As an accountant and owner of Nth Degree CPAs, I often have the honor of startling many of my clients by suggesting they shouldn’t only pay attention to the bottom line. When it comes to a company’s financial certainty, most companies make measuring profits job #1. And 2, 3, and 4. You get the point. If you want your company to be truly financially stable, there’s a lot more you should be measuring. The bottom line matters a lot. The lines in between need your attention too.
It’s easy to slip into all-or-nothing thinking — and when it comes to measuring performance, you just can’t do that.
Depending on your company, structure, products, and services, there’s an endless array of possibilities for what you can measure. But let’s start with a few ideas you may not think about, but have important roles in predicting your overall financial health.
Sure, total sales are a great indicator of performance. Only a bad business would ignore sales data. But dig a bit deeper, and ask yourself: who are the customers? Are they repeat buyers? Friends of customers? Make sure you measure and have a clear sense of customer loyalty and lifespan as well how many new customers you’re attracting vs. how many current customers you’re losing. This will go a long way toward predicting your current ratio — or, whether you’ll be able to pay the bills in the future.
It may seem a bit obvious, but your company’s solvency is pretty dang important. So, while your head’s down on the day-to-day, be sure to come up for air now and then to check in on your debt-to-equity ratio. For long-term stability, you’ll need to see trend lines of equity outpacing debt. Even better, look for debt heading downhill while equity heads up.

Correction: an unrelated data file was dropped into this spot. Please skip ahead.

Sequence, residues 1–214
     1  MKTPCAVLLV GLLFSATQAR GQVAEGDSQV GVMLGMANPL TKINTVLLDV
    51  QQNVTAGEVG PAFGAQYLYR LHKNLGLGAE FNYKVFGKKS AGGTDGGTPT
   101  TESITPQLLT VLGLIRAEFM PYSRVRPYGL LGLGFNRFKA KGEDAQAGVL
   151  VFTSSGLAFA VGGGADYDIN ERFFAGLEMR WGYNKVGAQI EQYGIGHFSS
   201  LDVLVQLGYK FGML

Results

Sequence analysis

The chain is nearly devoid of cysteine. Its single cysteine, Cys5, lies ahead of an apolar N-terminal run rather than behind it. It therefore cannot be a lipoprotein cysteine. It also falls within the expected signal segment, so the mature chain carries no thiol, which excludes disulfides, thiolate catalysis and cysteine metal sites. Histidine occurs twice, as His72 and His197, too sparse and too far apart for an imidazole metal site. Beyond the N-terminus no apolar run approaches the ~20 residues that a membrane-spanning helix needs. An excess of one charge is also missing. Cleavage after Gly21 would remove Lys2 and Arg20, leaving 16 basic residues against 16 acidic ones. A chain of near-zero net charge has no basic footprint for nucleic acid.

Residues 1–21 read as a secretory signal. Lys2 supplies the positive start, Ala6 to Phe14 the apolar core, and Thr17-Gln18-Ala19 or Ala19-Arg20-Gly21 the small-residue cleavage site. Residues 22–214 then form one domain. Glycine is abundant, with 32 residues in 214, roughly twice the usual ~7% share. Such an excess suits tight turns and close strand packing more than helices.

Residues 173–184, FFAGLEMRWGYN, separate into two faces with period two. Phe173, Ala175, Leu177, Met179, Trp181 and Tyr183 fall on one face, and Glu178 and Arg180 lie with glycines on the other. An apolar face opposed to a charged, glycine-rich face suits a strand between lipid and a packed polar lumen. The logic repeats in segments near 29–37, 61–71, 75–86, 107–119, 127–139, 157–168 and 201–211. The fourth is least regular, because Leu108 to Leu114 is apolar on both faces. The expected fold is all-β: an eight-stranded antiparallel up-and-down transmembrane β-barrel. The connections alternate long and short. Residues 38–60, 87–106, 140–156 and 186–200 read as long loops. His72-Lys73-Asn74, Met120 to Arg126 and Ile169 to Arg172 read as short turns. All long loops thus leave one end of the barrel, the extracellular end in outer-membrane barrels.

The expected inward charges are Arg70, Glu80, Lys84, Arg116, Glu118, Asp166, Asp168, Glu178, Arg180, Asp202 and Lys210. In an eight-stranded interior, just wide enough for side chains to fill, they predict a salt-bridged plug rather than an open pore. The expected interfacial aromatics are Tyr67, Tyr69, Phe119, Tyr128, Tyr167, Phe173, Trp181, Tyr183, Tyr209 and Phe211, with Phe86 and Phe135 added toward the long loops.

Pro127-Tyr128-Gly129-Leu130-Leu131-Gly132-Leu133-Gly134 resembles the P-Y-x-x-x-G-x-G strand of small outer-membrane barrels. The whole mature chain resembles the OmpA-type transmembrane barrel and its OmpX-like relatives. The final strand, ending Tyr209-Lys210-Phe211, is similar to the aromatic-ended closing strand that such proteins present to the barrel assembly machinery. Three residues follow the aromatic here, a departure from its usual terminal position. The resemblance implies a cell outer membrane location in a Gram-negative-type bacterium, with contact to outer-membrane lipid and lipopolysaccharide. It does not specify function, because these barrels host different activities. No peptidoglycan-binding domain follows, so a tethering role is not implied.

Are you spending a bigger percentage of your budget on marketing than you did last year? Using less of your facilities budget than you planned for? Maybe corporate travel costs are getting out of control?
Making clear, marked baselines and closely following your investments and where you’re spending your money all year long vs. just at the annual budgeting meetings can save your company money. Not to mention helping you use your money better.
Pay Attention to the Forest
The ideas I’ve offered here are just some of the things that may contribute to a company’s financial certainty. For your specific business, you’ll need to dig in and find the most appropriate things to monitor. But at the very least, hold onto this idea: don’t lose sight of the forest by looking only at the trees. For example, if you run a service-based business, the only metrics that really move the needle for financial